Lakoff 1, Pinker 0

George Lakoff responds to Steven Pinker’s review of Whose Freedom?: The Battle over America’s Most Important Idea. Highlights include shocking charges of deception or incompetence on both sides. This is the only paragraph of vitriol-free prose I could find in the review, and since it’s mostly summary I’ll include it here:

Lakoff’s theory is aimed at explaining a genuine puzzle: why the various positions clustering in left-wing and right-wing ideologies are found together. If someone is in favor of laissez-faire economics, it’s a good bet the person will also favor judicial restraint, tough criminal punishment, and a strong military, and be opposed to expansive welfare programs, sexual permissiveness, and shocking art. Conversely, if someone is an environmental activist, it is likely that he or she will favor abortion rights, homosexual marriage, and soak-the-rich taxes. At first glance these positions would seem to have nothing in common. Lakoff argues that the two clusters fall out of the competing metaphors for the family, with the strict father demanding personal responsibility of his wayward children and punishing them when they misbehave, and the nurturant parent showing empathy and emphasizing interdependence.

Of course, Pinker goes on to claim that Lakoff’s model of these clusters is prejudiced and simplistic… which is of course the point. I find the ‘nurturant parent’ a little absurd, myself, but as a metaphorical frame it does explain quite a lot. But Pinker goes on to supply warmed-over arguments fromm Political Philosophy 101, which contrast corruption with perfectibility and limited sight with utopian vision. These are increasingly irrelevant to the neoconservative movement, where utopian vision is decried domestically, but celebrated as good foreign policy, and humans are fallible and greedy unless they happen to claim to be born-again Christians. Take the tragic example of Iraq, for instance, which suffers under the same social engineering and lack of regulation and policing that conservatives claim cannot work here at home.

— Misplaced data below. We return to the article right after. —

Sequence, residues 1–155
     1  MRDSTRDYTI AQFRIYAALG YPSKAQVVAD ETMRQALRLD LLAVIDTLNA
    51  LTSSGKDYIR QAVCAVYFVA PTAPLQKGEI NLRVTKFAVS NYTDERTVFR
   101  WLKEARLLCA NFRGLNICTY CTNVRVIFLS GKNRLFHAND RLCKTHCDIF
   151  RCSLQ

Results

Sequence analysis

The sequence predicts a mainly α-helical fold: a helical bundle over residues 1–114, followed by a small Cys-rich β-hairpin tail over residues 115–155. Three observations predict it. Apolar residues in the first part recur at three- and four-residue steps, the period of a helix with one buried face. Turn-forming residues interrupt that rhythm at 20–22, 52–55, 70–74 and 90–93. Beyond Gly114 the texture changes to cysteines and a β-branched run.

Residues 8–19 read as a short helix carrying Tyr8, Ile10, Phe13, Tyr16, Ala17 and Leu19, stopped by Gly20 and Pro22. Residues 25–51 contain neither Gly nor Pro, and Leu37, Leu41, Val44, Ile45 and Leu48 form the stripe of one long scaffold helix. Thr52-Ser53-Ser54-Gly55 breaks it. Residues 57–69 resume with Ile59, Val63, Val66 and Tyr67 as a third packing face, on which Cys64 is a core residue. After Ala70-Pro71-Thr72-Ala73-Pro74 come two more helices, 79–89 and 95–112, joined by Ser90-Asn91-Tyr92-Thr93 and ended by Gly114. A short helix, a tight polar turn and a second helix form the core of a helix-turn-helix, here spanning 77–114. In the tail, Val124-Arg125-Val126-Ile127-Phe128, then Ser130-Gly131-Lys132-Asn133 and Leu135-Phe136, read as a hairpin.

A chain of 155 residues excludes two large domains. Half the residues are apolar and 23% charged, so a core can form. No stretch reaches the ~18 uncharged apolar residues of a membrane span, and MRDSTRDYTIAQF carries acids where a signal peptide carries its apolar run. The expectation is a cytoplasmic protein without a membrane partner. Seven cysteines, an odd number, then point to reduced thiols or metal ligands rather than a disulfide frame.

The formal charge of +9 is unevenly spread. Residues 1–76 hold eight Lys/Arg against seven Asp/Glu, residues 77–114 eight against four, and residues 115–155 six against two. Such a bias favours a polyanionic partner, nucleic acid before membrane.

More interesting are the various academic arguments about cognitive linguistics. From these two articles, you’d think there was no disagreement between the two at all, except that Pinker subscribes to some market-driven version of social Darwinism. In his reply, Lakoff asserts that each of Pinker’s critiques are fully considered by his theory, and that often they are nearly direct quotes. He goes on to ask:

What is one to make of Pinker’s essay? Why would he repeatedly attribute to me the opposite of what I say? I can think of two explanations. One is that he is threatened and is being nasty and underhanded — trying to survive by gaining competitive advantage any way he can. The other is that he is thinking in terms of old frames that do not permit him to understand new ideas and facts that do not fit his frames. Since he can only understand what I am saying in terms of his old frames, he can only make sense of what I am saying as being nonsense — the opposite of what I actually say. That is, since the facts I cite don’t fit his frames, his frames stay and the facts are adjusted to fit them. I don’t know Pinker well enough to know which is true, or whether there is some third explanation.